K2 Advisors seeks to add value through active portfolio management, tactical allocation and diversification across four main hedge strategies: long/short equity, relative value, global macro and event driven. In their fourth-quarter (Q4) 2017 outlook, K2 Advisors’ Research and Portfolio Construction teams share the key market events they have an eye on. We believe offering these insights will help investors better understand the rationale for owning retail mutual funds that invest in hedge strategies.

Two Sides to Every Story—and the Truth

In a recent Bloomberg interview, legendary investor Howard Marks of Oaktree Capital said that investing is “never black or white, in or out, risky or safe.” He suggested that investing is about continually calibrating your portfolio across a spectrum of risk—from aggressive to defensive. We could not agree more.

The media likes to hear market calls. They like pundits who say “get out now,” “buy now,” or “it’s time,” etc. We don’t believe anyone can ever be that certain. Most of the time the correct action is somewhere in between. We can never know what the future will hold, but we can get a sense of potential outcomes by looking at what the past gave us, and where we stand in the present. The amount you have invested, your exposures across various asset classes and sectors and the presumed riskiness of each in the context of the current market. These are all things we can consider.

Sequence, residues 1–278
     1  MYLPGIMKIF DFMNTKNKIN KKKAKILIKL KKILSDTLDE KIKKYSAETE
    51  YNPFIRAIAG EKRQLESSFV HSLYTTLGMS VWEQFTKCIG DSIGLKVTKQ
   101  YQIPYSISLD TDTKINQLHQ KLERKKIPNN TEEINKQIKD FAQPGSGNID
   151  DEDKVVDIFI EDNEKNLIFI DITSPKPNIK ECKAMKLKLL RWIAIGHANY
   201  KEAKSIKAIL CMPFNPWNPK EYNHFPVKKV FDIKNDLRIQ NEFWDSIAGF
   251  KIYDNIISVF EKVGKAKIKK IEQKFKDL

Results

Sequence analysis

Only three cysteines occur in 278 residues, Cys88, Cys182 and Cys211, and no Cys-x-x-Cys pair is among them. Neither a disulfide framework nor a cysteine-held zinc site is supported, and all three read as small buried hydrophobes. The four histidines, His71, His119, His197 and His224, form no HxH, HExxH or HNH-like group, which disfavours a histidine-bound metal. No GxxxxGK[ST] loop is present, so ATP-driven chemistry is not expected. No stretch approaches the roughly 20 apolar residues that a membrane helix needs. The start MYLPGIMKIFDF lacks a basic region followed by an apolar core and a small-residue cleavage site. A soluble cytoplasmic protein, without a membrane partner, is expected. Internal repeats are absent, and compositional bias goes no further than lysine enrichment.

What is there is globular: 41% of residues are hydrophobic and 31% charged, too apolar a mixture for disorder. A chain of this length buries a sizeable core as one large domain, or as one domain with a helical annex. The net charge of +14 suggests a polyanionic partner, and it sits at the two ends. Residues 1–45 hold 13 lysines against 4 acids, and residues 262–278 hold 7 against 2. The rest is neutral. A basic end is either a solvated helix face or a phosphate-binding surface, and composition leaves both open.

So where do we stand today? From our perspective things are looking a bit frothy. Again, this is not a market call. This rally could continue on for another year or even longer—who could know? What we do know is where we are relative to historical context.

Consider the equity markets, for example. The chart below shows the Cyclically Adjusted Price-to-Earnings ratio (CAPE), which is a way of assessing the value of stocks in the S&P 500 Index.

The CAPE has only been this high three times before: 1929 (leading to the Great Depression), 1999 (during the dot-com bubble), and in 2007 (during the housing bubble leading up to the Great Recession).